Anxiety toolkit

Anxiety and panic attacks are more common that you think. Figures from the Office for National Statistics state that on average 20% of the UK population say they have suffered with high anxiety. That’s just over 12 million people. You are not alone.

Anxiety is related to the fight or flight response, which is an automatic human reaction to dangerous situations, we have no control over it. Once the danger has passed your body relaxes and the anxiety subsides. When anxiety starts to take over your life and has an impact upon your daily routine then it can become a problem.

So how do we deal with anxiety?

Start by talking to someone you trust - if 12 million people are struggling, the odds are that you will know someone who understands what you are going through. Sharing your issue won’t solve it, but will help to relieve the pressure.

Take control of your breathing - focus on your breath instead of what is causing your anxiety. Take deep and slow breaths. Focus on relaxing your body

Try shifting your focus away – use techniques to help, such as:

TLC. Wherever you are, concentrate on finding all of the textures (T), then the lines (L) and lastly the colours (C) that you can notice. It may sound a bit strange, but once you have spent five minutes trying it, your focus will have switched.

STOP, this stands for Stop, Take a breath, Observe what is going on, both inside and outside of your body and Pull back. This may mean that you need to remove yourself from the situation and regroup, or taking a step back away from your emotions and looking at the situation from a more logical point of view. What advice would you give someone in that situation?

And the classic count to 10.

Sleep! - Get a good night’s sleep. It’s super important. Sleep is how our brain resets for the next day. Try relaxation before you go to sleep. Something like a body scan whilst you’re lying in bed can have an impact – close your eyes and focus on your body, starting from your toes and working up to your head, relaxing each part as you go.

Try reassuring yourself – you can only do your best, if you’re not on top form, say you’re ill or haven’t slept, there is little chance that you will be able to cope with everything that the world will throw at you. So stop beating yourself up – you can’t control everything.

Positive attitude – try to focus on the positives. Look for them, however little they might be. We all need to think positively, us humans can spend too much time focused on the negative. We need to reprogram ourselves to see the positive and frame the day around that. Finding a balance between anxiety and positivity can help to bring clarity to a situation where before there was only negativity.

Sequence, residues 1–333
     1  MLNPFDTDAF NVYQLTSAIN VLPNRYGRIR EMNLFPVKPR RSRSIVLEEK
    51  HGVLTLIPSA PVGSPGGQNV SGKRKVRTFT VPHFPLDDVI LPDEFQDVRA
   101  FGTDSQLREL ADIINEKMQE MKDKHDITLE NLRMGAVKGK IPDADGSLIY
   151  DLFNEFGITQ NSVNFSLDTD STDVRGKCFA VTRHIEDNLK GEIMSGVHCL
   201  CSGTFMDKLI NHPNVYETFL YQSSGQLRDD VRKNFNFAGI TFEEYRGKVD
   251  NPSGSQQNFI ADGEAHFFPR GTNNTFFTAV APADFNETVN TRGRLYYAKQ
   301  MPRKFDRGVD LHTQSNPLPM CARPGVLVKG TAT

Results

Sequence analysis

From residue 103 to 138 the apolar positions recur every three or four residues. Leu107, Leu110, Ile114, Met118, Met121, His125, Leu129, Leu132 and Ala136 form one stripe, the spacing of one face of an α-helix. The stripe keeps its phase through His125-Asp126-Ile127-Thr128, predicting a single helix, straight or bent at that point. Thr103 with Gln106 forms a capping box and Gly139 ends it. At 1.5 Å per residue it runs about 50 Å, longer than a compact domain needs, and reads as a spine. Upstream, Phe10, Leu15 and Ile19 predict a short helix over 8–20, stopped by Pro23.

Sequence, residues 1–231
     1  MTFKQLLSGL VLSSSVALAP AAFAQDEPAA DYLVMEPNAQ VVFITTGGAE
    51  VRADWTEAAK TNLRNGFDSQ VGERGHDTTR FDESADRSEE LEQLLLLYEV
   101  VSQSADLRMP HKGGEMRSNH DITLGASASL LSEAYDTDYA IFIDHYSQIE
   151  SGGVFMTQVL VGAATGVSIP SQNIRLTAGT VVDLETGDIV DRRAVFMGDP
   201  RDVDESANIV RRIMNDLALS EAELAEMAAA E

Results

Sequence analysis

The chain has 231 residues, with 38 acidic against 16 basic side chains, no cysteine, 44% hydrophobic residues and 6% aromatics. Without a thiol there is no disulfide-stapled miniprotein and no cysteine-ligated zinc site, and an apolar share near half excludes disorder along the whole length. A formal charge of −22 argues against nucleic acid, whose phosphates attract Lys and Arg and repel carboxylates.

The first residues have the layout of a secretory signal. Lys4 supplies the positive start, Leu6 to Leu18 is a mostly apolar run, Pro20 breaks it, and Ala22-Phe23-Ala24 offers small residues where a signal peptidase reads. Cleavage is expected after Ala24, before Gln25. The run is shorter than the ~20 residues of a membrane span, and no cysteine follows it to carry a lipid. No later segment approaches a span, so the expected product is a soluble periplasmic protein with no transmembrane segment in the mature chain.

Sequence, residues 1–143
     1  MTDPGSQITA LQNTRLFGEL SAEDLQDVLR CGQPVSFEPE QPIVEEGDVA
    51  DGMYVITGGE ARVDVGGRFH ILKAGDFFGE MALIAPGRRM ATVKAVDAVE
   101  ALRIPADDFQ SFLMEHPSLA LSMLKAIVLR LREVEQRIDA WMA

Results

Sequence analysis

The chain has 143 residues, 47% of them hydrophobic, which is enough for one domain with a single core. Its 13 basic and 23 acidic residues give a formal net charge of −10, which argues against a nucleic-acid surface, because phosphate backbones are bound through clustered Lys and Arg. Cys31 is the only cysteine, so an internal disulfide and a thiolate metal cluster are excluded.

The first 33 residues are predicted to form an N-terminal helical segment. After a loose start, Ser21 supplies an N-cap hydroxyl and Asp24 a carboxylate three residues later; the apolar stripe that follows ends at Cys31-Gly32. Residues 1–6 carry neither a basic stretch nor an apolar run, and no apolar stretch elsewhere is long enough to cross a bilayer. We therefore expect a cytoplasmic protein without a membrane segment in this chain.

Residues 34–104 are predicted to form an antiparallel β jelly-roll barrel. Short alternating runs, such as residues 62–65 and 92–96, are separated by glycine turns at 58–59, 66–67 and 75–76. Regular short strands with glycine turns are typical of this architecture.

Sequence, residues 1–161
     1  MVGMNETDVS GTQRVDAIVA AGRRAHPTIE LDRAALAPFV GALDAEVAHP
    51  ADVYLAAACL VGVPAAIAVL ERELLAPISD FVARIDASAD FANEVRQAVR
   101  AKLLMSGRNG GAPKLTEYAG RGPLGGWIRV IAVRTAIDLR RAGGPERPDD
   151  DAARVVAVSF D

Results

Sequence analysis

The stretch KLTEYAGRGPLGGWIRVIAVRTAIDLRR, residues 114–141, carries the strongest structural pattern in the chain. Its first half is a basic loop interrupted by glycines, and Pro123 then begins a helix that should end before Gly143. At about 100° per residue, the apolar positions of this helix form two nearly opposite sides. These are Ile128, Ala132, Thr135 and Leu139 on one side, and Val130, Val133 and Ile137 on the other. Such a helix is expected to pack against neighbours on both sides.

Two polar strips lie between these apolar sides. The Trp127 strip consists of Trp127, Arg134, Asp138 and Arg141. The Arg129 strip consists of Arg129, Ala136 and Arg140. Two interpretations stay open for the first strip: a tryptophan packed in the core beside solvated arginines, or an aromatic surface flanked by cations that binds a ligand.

Physical exercise - stay healthy, it has been proven that physical exercise helps lift mood and combat depression, limit caffeine and alcohol as both are linked to increased anxiety.  Eat well, our bodies needs regular healthy foods to sustain itself and feed the brain.

Keep a diary – not everyone likes doing this, me included, but it is very helpful. Log the days that you found hard, ask yourself why? What where the triggers? Location? Something someone said? Something you saw or smelt? This will help with the next step.

Learn your triggers – get to know them so you can prepare yourself. Get a plan in place. Is it always in the cheese aisle in Tesco that your chest gets tight because there are too many people, too much choice. Once you are aware of that you have something to work on and can build a plan.

Take time out - listen to music you love, relax, meditate; if that’s your thing. Maybe try yoga or mindfulness. Experiment, you might just find your new passion in life.

Find support – lastly get a support network in place. This is easier to do with help. Other people might be able to see things that you cannot and help you past barriers.  Mind, The NHS or therapy are all good options for further specialised help.

So go forth and be brave. Start small, make one change and let your new life grow from there.

Nathan
Cornerstone Counselling

Counselling Directory is not responsible for the articles published by members. The views expressed are those of the member who wrote the article.

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